In a statement late Saturday, the White House harshly condemned what US President Barack Obama described as a "heinous murder."
"Our thoughts are with Mr. Goto’s family and loved ones, and we stand today in solidarity with Prime Minister Abe and the Japanese people in denouncing this barbaric act," the statement read.
It was echoed by British Prime Minister David Cameron, who also decried the beheading video that came less than a week after the purported decapitation of another Japanese man, Haruna Yukawa.
"I utterly condemn what appears to be the despicable and appalling murder of Kenji Goto. It is a further reminder that Islamic State is the embodiment of evil, with no regard for human life."
Also condemning the beheading was French President Francois Hollande, who said he "resolutely condemned the brutal murder of Japanese citizen Kenji Goto by IS. France stands in solidarity with Japan in this new ordeal."
For his part, Australian Prime Minister Tony Abbot said that "if true, this will be a terrible shock for the people of Japan, an unspeakable horror for the family and this just demonstrates how important it is that all countries do what they reasonably can to disrupt and degrade this death cult which has ushered in a new dark age over parts of the Middle East."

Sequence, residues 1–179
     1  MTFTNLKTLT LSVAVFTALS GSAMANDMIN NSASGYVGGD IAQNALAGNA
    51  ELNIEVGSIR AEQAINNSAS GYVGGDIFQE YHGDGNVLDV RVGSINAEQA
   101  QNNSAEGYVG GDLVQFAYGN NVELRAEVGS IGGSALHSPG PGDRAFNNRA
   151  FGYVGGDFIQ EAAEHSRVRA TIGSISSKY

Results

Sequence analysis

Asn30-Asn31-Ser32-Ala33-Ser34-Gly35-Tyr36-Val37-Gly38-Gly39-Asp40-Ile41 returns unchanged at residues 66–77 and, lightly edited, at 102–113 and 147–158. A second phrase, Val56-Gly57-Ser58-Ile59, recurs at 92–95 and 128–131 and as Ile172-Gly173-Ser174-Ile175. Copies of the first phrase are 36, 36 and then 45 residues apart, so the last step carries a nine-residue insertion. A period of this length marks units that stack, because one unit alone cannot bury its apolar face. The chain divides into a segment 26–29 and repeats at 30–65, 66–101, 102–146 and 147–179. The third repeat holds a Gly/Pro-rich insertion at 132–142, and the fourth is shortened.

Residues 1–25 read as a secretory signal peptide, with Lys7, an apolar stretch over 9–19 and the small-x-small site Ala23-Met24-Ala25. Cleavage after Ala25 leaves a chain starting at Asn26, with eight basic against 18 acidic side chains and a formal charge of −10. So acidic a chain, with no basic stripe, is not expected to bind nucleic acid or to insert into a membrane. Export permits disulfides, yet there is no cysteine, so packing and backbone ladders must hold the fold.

Meanwhile, Japan's Chief Cabinet Secretary Yoshihide Suga has said that Tokyo would not render logistical support to the anti-Islamic State coalition's airstrike effort in Syria.
The statement came after Japanese Defense Minister Gen Nakatani ordered more efforts to provide for the security of the Japan Self-Defense Force deployed abroad, including within the framework of the UN's peacekeeping operations.